Sixty-seven-year-old Lo controls Burma's largest business conglomerate, Asia World Company, and maintains close relations with the military government in Rangoon. Lo, who was sentenced to life imprisonment in 1973 but released as part of an amnesty in 1980, insists that he is no longer involved in the drug trade, although the international community is not convinced. His son, Steven Law, was refused a visa to the United States in 1996 on suspicion of drug trafficking.

    Born in Kokang district in Shan State, Lo started his career as an opium-trafficking insurgent in the 1950s. During his career Lo repeatedly switched allegiance between the government and rebel sides.

    To The Top

    Rice price shot up as junta closes down private rice mills

    Narinjara news

    Sittwe, 19th February 02 : The price of rice, the staple food of the people of Myanmar, recently shot up sharply in the south-western state of Myanmar due to forced shut-down of all privately owned rice mills, our correspondent writes.

    In a bid to realize the target of rice purchase in the 2001 2002 rice season, the State Peace and Development Council junta of Myanmar took some drastic measures against the interest of the rice growers, one of which is complete shut-down of small private rice mills. As a result the price of one kg of rice has gone up from kyat 40 to kyat 120 within one month in the interior areas, and in the border areas of Maungdaw and Buthidaung a kilo of rice is now selling at kyat 250.

    According to a rice merchant from Mrauk U, because of the junta-adopted measures there is an artificial shortage in supply of rice in the open market already. The rice growers also could not maintain their usual annual rice stock as the junta resorted to collecting rice from the growers by applying the force of its troops. With the passing of days the situation is aggravating since there is no government supply of rice in co-operative shops or through rationing in the towns for the consumption of the general public as before.

    Meanwhile the private rice mill owners are milling rice by bribing the local Military Intelligence agents in the interior hard to reach areas of Rakhine State. Quoting a rice mill owner our correspondent added that, the previous price for milling ten kg of rice was kyat 20 while at present it is kyat 50, because each of the mill owners has to bribe an amount of kyat 50,000 to kyat 100,000 for 'clandestine' milling of rice to the junta intelligence agents during the harvest season.

    To The Top

    UN rights envoy urges bolder steps from Myanmar government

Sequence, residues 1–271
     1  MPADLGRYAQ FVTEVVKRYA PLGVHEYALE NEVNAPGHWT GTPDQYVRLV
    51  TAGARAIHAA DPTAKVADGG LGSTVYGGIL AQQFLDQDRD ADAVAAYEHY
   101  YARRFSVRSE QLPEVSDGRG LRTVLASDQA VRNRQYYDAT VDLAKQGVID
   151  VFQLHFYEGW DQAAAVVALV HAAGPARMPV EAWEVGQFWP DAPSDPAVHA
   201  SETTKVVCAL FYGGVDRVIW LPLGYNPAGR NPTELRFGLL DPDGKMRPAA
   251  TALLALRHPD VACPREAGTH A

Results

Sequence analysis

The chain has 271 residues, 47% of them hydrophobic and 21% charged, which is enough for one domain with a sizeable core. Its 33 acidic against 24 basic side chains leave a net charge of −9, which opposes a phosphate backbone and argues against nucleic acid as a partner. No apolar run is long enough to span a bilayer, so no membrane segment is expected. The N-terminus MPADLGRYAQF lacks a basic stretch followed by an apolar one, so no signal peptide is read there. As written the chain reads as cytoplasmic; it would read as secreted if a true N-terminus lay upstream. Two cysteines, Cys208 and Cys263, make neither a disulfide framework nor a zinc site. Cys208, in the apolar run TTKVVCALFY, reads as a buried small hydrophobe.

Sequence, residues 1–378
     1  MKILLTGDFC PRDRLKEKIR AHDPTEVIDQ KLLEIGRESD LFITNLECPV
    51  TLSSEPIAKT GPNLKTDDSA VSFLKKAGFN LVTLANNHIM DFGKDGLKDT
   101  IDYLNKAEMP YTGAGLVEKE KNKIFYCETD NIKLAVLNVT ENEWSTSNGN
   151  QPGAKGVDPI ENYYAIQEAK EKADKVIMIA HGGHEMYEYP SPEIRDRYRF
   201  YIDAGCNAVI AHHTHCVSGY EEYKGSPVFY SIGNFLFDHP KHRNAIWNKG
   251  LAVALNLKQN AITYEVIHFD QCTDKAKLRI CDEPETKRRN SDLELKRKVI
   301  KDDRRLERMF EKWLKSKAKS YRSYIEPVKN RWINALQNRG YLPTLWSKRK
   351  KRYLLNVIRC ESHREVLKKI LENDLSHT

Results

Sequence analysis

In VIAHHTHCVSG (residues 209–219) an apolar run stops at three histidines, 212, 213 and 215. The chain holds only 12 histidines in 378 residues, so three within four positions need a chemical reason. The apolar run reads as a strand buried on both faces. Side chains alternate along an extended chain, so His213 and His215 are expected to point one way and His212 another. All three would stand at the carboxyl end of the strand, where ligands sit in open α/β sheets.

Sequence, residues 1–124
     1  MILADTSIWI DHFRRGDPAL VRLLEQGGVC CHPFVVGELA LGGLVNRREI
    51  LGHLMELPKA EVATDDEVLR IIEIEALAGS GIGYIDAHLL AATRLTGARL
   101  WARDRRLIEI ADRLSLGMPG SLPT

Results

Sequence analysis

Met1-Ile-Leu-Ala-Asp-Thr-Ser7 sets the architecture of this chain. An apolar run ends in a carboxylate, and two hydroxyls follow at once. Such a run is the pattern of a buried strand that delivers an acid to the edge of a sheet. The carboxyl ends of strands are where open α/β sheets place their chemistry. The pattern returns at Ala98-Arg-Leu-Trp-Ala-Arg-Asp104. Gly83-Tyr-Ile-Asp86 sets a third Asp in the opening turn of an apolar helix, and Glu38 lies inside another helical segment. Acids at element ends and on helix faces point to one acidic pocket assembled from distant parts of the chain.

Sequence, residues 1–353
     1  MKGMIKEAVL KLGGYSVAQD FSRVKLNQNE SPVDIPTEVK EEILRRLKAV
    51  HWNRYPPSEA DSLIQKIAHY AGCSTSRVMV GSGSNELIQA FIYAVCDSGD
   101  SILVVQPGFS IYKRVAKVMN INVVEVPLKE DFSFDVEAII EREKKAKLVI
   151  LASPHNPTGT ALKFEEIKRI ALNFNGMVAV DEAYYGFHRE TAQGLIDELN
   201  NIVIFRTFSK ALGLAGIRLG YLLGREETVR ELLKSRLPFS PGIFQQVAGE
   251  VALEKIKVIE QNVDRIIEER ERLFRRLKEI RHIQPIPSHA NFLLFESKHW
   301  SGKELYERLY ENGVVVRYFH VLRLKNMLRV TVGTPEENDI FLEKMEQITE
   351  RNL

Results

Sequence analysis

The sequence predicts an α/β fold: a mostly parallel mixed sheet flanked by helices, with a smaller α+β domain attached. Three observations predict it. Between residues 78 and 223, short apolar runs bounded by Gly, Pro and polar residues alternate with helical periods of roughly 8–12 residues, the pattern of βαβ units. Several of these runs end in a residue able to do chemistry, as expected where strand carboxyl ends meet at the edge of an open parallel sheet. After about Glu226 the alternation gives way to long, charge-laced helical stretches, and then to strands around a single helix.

A UN human rights envoy has urged the military government in Myanmar to take bolder steps towards political change by involving the pro-democracy movement in managing humanitarian assistance to the country.

    In an advance version of his report to the UN Human Rights Commission released on Tuesday, Paulo Sergio Pinheiro, the UN special rapporteur for human rights in Myanmar, said the junta must speed up the process of political change.

    "It is time for the government to start a substantive dialogue with the leaders of the (opposition) National League for Democracy (NLD) and all other political parties and ethnic nationalities if the government is serious about achieving national reconciliation and the restoration of democracy," Pinheiro said.

    The report, due to be presented to the annual session of the Commission beginning here on March 18, was compiled before Pinheiro's latest 10-day visit to Myanmar, which ended last Tuesday.

    "In order to address the humanitarian situation more adequately, it is crucial that the commitment of the government go hand in hand with the involvment of the NLD in the planning and management of international humanitarian assistance," he added.

    Pinheiro said the "bolder moves to carry forward the present process" should include the full and unconditional release of all political prisoners, monitoring of human rights violations, and a "substantial enlargement" of freedoms for political parties and ethnic groups.

    He also called on the junta to use maximum restraint in military action against armed opposition groups and to resort more to political dialogue to resolve differences.

    During the trip this month, Pinheiro met government officials as well as NLD leader Aung San Suu Kyi at her lakeside residence, where she has been under house arrest.

    The United Nations said he will be making an oral presentation to the UN Commission about the findings of his latest visit.In his report, Pinheiro noted an "undeniable" if gradual improvement in the political atmosphere and an opening to the outside world.

    He said there were still reports of serious human rights violations, "but on a different scale than before".

    Pinheiro also questioned the accuracy of reports about the use of child soldiers in Myanmar, saying they "lack a solid factual basis for what is presented nevertheless as a widespread phenomenon and pattern".He said he would look further into the issue in his next fact-finding missions.

    "The challenge now, besides calling for more international awareness of what is wrong, is how to encourage the confidence-building process, without ignoring large scale human rights violations and seeking to eliminate them through change," Pinheiro wrote.

    His report outlined how UN humanitarian aid to Myanmar -- which forms the bulk of outside assistance to the country while international sanctions are in place -- could be managed by a "mixed committee" which would include the government and the NLD.

    Pinheiro said it would enhance the "trust building process" initiated by talks between the two parties over the past year.The UN envoy's report is largely based on his mission to Myanmar last October and on information gathered in December 2001.

    To The Top